But If St. Patrick's Day isn't enough to get yours or your client's juices flowing for Ireland, one surefire way to do so is to see the musical Once -- on Broadway, London's West End, or wherever it may be playing (it's currently on tour in the US). The "enchanting tale of a Dublin street musician who's about to give up on his dream when a beautiful young woman takes a sudden interest in his haunting love song," is just that – enchanting, not the least due to the cast of actor/musicians who bring the charm of the country to life through music, and a pub atmosphere where guests can actually have a beer on stage before the performance. I challenge anyone to watch the play and not want to head straight to the airport and hop on a plane headed for Shannon. My first visit to Ireland in the mid-1980s was, in fact, a self-directed music pilgrimage. Inspired by bands like The Pogues and The Dubliners, my goal was to find real Irish music in an authentic setting; the holy grail would have been local pub goers breaking out in song with their own instruments as it was rumoured could happen. A Paul Brady concert in Dublin aside, my quest was not entirely successful. However, times have certainly changed since those days and Irish culture has undergone a veritable renaissance, both in language and the arts. Today jigs and reels and vibrant traditional folk music can be easily found, from buskers on the pedestrian mall of Galway to the incredible music mecca of Doolin village (also a gateway to the Aran Islands), and the clubs and pubs of Dublin, Belfast and everywhere in between. (Note: A special shout out to Fibber Magees in Belfast, an under-the-radar jewel and permanent resting place of not too few brain cells I may have lost there once…)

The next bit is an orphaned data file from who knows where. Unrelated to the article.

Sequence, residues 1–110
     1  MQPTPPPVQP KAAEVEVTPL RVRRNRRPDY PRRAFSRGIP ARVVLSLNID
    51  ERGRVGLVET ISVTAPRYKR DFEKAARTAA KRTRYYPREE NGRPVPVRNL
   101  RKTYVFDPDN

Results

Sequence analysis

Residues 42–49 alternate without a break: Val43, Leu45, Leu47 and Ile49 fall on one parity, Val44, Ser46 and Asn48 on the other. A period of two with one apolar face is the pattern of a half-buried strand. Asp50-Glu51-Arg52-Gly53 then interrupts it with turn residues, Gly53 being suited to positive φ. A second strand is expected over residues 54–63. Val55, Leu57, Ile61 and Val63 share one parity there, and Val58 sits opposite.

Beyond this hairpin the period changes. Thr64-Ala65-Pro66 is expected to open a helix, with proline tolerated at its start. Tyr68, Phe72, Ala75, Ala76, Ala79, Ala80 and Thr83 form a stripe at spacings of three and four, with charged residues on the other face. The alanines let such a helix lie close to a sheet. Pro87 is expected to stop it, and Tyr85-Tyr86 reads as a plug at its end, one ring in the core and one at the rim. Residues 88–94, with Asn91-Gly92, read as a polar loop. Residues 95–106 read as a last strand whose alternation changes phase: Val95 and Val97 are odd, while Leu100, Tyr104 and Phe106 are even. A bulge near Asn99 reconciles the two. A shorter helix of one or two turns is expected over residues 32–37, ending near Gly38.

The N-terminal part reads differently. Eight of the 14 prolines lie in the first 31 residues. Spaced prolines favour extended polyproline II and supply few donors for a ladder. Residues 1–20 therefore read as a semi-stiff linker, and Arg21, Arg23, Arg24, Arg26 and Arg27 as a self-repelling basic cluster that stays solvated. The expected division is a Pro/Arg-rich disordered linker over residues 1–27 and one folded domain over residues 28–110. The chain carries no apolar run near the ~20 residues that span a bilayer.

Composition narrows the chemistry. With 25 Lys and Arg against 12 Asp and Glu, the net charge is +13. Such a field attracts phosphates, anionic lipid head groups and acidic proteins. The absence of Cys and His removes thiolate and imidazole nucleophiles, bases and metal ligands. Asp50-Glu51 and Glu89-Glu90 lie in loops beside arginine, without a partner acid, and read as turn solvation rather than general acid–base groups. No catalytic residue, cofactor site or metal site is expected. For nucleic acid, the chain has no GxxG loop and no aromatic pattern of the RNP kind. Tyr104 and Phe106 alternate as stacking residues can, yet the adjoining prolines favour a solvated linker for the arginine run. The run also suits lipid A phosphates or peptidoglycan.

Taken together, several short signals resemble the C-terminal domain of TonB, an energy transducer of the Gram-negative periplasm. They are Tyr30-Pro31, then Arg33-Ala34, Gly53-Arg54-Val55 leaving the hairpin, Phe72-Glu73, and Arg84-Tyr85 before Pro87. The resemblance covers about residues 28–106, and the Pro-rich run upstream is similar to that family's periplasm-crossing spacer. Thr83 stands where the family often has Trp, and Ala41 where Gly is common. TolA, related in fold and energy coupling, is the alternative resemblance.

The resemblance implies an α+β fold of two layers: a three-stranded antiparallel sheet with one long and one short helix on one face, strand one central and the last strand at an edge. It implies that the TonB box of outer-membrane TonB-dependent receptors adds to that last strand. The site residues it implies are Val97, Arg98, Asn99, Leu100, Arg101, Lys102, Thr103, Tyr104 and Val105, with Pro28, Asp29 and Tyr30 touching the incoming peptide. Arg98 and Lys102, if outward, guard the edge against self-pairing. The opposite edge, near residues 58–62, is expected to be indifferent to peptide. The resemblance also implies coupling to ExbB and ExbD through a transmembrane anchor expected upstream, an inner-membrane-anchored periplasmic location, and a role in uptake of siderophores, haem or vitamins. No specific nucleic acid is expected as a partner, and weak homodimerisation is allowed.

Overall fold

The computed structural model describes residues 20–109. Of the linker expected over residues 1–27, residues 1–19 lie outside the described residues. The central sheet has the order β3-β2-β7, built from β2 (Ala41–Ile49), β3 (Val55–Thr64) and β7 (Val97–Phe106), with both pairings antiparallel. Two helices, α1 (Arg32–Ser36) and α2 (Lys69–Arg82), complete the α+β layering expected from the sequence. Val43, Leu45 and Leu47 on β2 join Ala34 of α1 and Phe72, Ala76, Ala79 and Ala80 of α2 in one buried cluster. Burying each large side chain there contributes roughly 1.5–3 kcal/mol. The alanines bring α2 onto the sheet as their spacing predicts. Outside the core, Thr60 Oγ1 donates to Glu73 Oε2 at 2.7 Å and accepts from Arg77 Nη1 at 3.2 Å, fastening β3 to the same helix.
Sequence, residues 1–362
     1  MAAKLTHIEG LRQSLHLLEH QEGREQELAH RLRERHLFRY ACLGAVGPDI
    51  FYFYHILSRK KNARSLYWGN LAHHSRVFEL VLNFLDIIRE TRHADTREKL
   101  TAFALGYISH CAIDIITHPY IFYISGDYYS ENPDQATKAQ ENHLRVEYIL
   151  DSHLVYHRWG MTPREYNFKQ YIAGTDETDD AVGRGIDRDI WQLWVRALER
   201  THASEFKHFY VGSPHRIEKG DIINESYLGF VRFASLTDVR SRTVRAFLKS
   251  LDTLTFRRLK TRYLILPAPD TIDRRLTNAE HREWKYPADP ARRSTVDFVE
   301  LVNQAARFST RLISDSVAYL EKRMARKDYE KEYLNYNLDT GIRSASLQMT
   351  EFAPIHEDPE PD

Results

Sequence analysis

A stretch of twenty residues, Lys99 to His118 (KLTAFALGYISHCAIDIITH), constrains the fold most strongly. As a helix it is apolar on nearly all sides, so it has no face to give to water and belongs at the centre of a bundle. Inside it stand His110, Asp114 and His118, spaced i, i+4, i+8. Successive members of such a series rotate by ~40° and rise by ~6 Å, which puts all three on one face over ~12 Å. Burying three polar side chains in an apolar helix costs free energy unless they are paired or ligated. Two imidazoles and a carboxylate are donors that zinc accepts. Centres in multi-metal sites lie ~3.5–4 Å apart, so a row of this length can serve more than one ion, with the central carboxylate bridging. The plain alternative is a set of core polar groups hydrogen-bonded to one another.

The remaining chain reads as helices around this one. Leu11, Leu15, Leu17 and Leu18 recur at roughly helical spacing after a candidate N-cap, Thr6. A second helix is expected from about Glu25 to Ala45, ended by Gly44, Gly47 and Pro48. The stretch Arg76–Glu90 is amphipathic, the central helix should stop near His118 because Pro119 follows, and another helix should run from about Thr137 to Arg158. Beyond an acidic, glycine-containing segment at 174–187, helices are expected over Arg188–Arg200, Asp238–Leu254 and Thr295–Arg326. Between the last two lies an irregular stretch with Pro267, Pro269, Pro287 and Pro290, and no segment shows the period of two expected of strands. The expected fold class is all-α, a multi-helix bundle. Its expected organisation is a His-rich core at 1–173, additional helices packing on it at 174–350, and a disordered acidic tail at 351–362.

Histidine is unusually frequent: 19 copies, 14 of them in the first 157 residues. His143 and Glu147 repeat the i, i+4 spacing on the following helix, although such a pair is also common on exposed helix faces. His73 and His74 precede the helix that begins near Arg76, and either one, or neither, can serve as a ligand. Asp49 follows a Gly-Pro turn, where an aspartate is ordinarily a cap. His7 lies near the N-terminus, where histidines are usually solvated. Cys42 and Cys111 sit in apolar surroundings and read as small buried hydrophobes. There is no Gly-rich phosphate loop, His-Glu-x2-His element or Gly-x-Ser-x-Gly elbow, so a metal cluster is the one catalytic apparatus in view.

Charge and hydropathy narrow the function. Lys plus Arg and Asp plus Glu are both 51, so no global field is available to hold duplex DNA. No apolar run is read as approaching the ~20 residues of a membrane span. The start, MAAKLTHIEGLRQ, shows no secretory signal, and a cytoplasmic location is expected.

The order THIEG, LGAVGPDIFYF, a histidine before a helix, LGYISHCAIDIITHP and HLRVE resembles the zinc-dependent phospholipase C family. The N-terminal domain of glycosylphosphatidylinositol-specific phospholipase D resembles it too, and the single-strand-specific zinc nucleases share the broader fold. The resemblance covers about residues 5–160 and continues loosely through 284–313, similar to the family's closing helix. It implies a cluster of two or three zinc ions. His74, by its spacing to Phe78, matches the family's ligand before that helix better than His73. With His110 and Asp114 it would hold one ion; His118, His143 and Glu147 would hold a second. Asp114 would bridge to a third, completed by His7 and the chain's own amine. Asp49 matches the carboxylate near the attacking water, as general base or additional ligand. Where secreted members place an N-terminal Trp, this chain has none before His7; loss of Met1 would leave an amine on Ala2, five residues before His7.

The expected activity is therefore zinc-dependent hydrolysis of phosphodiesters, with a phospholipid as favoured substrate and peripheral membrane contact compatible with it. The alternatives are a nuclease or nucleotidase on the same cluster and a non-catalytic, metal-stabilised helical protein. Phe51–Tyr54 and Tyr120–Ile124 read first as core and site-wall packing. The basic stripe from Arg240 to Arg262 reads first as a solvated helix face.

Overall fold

Lastly, I can't offer any craic-ing review of Ireland without muttering in awe about Ashford Castle. The restored medieval castle (oldest in Ireland) and former Guinness estate (about an hour north of Galway) is now a five-star Leading Hotels of the World that has to be seen to be believed. Set on 350 acres of parkland overlooking Lake Corrib, the turreted treasure was the backdrop for the John Wayne film "The Quiet Man" (and others) and today is renowned for it own School of Falconry. Best advice: splurge and stay there for a night, it's a fantasy come true.